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Harry Potter: Hogwarts Mystery — first look at wizarding mobile game


Jam City unveiled its first look at one of 2018’s most anticipated mobile games, Harry Potter: Hogwarts Mystery. The Harry Potter books have sold more than 450 million copies worldwide and the films have grossed more than $7.7 billion to date. If the mobile game can capture a tiny part of that audience, it will also be a success.

The Los Angeles mobile game maker cut a deal with author J.K. Rowling and Warner Bros. to make the game where players can create their own character and experience life as a Hogwarts student. It’s a role-playing game where you’ll experience life as a student, attend classes taught by famous professors from the Harry Potter novels, explore the ancient castle, and compete with students in spell duels.

Fans will get a sneak peek at the game at the upcoming Harry Potter celebration in Orlando, Florida, from January 26 to January 28 at Universal Studios.

The content of the game mirrors Harry Potter’s own experience in attending the wizarding school in the books, but you won’t play as Harry. It takes place before the era of the novels. And while it will feature familiar characters and professors, the game world will be filled with fan-created player characters.

You’ll be able to form friendships or rivalries with other students, and make decisions that affect your growth as a witch or a wizard.

The game is launching under Warner Bros. Interactive Entertainment’s Portkey Games, a label dedicated to creating gaming experiences inspired by the magic and adventures of J.K. Rowling’s Wizarding World. It is expected to debut this spring.

Visitors to the Harry Potter event at Universal Studios will be able to go behind the scenes via two panels hosted by the Jam City team as well as visiting the Harry Potter: Hogwarts Mystery booth to receive exclusive swag, play the game, meet members of the game team, and experience other magical surprises.

The event is part of the main benefit that Jam City will receive in taking the Harry Potter license. It will have to share money with Warner Bros. and Rowling, but it will also receive a huge amount of publicity via the umbrella of the famous brand.

“Harry Potter: Hogwarts Mystery is a role-playing experience about magic, friendship, and life as a student at Hogwarts School of Witchcraft and Wizardry,” said Jam City CEO Chris DeWolfe, in a statement. “We can’t wait to give fans a first look at the game at A Celebration of Harry Potter, and this spring players will be able to explore Hogwarts fully in their journey toward becoming a witch or wizard.”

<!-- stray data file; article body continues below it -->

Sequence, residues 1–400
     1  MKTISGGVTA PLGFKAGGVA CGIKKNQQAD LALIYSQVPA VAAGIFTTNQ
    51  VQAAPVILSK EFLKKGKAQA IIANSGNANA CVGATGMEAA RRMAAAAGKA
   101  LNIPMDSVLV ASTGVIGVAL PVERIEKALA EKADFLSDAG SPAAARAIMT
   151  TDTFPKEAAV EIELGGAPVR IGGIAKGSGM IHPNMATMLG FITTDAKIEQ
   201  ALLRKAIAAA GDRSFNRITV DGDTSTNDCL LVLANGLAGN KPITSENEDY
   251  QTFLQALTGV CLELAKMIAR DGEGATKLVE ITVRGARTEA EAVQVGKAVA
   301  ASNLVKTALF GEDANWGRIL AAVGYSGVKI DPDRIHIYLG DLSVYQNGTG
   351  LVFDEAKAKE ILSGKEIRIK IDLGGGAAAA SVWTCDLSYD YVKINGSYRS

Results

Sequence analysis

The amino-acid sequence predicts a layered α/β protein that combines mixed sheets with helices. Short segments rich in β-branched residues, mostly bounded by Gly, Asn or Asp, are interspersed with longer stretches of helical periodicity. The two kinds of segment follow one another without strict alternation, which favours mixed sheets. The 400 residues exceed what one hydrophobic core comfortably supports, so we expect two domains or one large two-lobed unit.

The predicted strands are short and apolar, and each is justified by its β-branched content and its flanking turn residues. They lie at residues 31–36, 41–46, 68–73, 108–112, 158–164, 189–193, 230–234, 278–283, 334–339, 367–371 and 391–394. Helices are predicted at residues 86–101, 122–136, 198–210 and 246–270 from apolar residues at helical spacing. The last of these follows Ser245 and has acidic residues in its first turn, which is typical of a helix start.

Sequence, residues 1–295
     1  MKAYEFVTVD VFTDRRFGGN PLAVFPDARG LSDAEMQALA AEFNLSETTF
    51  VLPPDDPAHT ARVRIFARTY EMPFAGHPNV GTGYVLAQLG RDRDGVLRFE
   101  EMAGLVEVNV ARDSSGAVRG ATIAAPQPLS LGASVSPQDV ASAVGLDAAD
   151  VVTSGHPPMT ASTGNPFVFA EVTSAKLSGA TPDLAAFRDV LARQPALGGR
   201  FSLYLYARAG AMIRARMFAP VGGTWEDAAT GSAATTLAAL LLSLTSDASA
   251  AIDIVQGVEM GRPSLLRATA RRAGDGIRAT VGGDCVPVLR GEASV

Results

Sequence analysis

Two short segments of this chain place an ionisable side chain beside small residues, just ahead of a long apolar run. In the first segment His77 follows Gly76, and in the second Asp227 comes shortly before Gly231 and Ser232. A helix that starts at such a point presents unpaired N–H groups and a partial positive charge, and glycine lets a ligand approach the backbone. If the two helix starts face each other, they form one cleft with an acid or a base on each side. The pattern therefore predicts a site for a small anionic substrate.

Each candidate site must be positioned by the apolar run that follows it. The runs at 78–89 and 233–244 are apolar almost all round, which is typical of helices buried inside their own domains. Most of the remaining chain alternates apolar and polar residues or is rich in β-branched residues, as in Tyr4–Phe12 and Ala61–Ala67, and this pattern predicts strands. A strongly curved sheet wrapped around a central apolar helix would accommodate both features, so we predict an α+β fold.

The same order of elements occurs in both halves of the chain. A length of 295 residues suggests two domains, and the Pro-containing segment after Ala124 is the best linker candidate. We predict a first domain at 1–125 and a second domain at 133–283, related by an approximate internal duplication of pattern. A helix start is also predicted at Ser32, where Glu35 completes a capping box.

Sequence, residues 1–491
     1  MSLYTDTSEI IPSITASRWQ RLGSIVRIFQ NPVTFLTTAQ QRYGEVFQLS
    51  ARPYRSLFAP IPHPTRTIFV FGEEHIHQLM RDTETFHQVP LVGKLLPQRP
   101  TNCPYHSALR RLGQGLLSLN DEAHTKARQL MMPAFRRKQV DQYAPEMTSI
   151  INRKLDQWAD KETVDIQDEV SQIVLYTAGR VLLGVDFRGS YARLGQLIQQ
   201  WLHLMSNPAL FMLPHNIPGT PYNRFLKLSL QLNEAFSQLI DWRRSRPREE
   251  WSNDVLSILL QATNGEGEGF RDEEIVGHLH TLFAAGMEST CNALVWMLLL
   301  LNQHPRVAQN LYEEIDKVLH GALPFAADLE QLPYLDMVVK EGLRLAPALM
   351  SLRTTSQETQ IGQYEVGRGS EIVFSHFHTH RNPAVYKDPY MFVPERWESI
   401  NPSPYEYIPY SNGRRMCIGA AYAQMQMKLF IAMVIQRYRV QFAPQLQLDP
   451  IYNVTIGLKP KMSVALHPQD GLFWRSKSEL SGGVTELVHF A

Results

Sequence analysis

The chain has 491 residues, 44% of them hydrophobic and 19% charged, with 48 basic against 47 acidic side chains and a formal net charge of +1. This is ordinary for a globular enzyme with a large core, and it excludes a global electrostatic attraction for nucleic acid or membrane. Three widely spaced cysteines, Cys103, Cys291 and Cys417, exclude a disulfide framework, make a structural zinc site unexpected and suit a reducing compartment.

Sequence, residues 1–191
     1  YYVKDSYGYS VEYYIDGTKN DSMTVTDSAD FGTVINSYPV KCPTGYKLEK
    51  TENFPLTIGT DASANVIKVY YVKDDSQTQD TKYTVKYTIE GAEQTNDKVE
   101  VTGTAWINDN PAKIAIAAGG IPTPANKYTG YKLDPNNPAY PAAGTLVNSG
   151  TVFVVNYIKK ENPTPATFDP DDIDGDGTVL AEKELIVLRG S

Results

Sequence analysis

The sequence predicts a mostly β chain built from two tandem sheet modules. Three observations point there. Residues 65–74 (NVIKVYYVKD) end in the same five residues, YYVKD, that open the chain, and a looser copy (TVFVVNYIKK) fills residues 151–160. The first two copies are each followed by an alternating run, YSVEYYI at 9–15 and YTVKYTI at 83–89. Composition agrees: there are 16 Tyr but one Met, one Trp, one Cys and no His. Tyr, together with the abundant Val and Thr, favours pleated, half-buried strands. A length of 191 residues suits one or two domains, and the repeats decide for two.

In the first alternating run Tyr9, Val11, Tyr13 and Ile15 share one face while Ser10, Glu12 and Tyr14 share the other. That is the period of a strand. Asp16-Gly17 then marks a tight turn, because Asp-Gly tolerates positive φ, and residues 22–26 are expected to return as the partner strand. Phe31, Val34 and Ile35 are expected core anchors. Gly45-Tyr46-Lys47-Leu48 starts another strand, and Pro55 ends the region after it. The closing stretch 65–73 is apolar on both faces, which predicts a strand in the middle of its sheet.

The game is set in the time between Harry Potter’s birth and his enrollment at Hogwarts, when Nymphadora Tonks and Bill Weasley were students. The avatar customization system allows you to
upgrade your avatar as you gain new expertise and magical skills. You can even choose your own pet.

As you arrive at Hogwarts, you will join one of the four Houses before progressing through your years at Hogwarts, participating in magical classes and activities such as Potions and Transfiguration. You build your skills by solving mysteries and going on adventures.

Jam City was founded in 2010 and it has more than 500 employees.

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Lithium-ion batteries have massively improved in the last half-decade, but there are still issues. The biggest, especially for EVs, is that charging takes too long to make them as useful as regular cars for highway driving. Researchers from the University of Warwick (WMG) have discovered that we may not need to be so patient, though. They developed a new type of sensor that measures internal battery temperatures and discovered that we can probably recharge them up to five times quicker without overheating problems.

Overcharging a lithium-ion battery anode can lead to lithium buildup, which can break through a battery's separator, create a short-circuit and cause catastrophic failure. That can cause the electrolyte to emit gases and literally blow up the battery, so manufacturers impose strict charging power limits to prevent it.

Those limits are based on hard-to-measure internal temperatures, however, which is where the WMG probe comes in. It's a fiber optic sensor, protected by a chemical layer that can be directly inserted into a lithium-ion cell to give highly precise thermal measurements without affecting its performance.

The team tested the sensor on standard 18650 li-ion cells, used in Tesla's Model S and X, among other EVs. They discovered that they can be charged five times faster than previously thought without damage. Such speeds would reduce battery life, but if used judiciously, the impact would be minimized, said lead researcher Dr. Tazdin Amietszajew.

Faster charging as always comes at the expense of overall battery life but many consumers would welcome the ability to charge a vehicle battery quickly when short journey times are required and then to switch to standard charge periods at other times.

There's still some work to do. While the research showed the li-ion cells can support higher temperatures, EVs and charging systems would have to have "precisely tuned profiles/limits" to prevent problems. It's also not clear how battery makers would install the sensors in the cells.

Nevertheless, it shows a lot of promise for much faster charging speeds in the near future. Even if battery capacities stayed the same, charging in 5 minutes instead of 25 could flip a lot of drivers over to the green side.

Via: Clean Technica

Source: University of Warwick

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